Such [a] teaching approach becomes more popular and more common (e.g., [5], [14]). Other evidence of growing understanding about the importance of cross-domain perspective in education can be the appearance of dedicated academic units focusing on interdisciplinary teaching (e.g., Worldview Stanford in Stanford University). 


b.  (b) Exposing students to concepts and skills of wide applicability through teaching application of domain-independent sciences to specific domain context.


·    Teach modern methods and concepts being developed in formal sciences (logic, mathematics, statistics, theoretical computer science, information theory, game / decision theory, and portions of linguistics) to students in application domains (business, engineering, medical, social sciences), focusing on potential application of these concepts and methods ([6], [8], [15]).


·    The opposite-- present domain-specific issues and problems (challenges encountered in business, engineering, medicine, sociology, etc.) to students specializing in abstract sciences (advanced math, algorithms, psychology, etc.) – to widen their understanding about real-life problems where wide applicability methods and concepts from their field of studies could potentially be applied.


·    Present [a] history of relevant professional domains focusing on analysis, general patterns and trends emerging from domain specific development of events (e.g., [7], [13]).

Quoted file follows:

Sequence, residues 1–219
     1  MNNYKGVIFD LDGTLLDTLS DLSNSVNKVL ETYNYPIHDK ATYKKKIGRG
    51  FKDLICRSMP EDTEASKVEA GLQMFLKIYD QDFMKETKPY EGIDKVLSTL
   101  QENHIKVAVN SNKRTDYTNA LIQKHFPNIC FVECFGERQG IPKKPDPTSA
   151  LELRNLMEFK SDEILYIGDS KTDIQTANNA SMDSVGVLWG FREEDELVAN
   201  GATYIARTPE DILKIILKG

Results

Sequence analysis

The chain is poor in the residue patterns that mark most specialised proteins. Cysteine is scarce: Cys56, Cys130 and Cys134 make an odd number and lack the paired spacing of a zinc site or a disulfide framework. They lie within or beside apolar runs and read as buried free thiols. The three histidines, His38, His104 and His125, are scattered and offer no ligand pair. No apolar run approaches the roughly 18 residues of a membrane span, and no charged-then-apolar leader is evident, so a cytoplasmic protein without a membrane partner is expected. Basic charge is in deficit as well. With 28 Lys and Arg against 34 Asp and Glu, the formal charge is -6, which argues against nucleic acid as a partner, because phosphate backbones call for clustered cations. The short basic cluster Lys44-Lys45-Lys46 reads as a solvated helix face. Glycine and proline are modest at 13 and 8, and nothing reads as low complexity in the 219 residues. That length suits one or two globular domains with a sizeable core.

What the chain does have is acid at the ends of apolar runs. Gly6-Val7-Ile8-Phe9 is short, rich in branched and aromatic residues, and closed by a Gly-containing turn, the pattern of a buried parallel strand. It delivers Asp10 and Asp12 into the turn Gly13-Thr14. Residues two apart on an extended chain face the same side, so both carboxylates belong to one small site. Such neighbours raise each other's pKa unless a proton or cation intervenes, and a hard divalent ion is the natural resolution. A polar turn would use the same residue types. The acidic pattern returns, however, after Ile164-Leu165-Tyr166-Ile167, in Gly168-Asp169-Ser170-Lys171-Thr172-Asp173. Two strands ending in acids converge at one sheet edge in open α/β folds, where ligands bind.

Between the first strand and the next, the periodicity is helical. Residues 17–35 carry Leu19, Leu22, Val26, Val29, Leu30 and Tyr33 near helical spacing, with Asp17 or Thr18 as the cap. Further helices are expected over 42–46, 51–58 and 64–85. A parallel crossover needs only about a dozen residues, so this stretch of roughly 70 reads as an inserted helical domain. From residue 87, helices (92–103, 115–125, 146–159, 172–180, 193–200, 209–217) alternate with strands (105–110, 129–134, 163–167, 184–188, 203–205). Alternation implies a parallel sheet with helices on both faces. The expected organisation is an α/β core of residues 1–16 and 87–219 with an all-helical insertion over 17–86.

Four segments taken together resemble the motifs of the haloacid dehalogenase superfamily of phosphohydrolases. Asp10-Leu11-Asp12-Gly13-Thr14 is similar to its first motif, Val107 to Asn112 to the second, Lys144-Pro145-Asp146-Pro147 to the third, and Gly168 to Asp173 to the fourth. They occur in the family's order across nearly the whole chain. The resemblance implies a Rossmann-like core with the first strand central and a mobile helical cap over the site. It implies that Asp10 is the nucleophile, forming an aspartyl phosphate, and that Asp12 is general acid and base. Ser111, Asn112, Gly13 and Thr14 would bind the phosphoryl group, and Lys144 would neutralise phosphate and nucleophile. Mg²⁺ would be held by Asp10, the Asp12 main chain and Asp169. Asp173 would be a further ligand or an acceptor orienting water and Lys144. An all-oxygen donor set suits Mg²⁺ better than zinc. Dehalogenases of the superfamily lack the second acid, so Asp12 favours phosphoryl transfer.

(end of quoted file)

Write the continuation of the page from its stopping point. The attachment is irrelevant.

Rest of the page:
Domain-agnostic teaching of meta-professions implies more focus on domain-agnostic sciences and subjects. This could be some branches of philosophy (epistemology, logic), formal and mathematical logic (e.g., [8], [9]), special courses focused on thinking skills of wide applicability (e.g., [4], [10], [11], [12], [19]).


Table: Examples of teaching problem definition skills in [a] top-down manner


Cross-Domain Teaching

Domain-agnostic teaching


Courses on management tools and approaches – taught jointly by practitioners from different domains ([4])

Relevant topics from decision making theory,

Industrial and organizational psychology
([4], [14])


Presenting concepts and tools across different domains (peer teaching) [5], [14]

Topics of applied psychology relevant for professional domain ([16])

Courses focused on thinking skills of wide applicability ([10], [11], [12], [18], [19]);

Decision making topics; Educational Psychology ([4], [14], [17])


Advanced math topics for non-math students with focus on possible domain-specific application [6], [8], [15];

Courses to math students focusing on domain-specific concepts and challenges;

Topics in history of domain focusing on general trends and concepts [7], [13]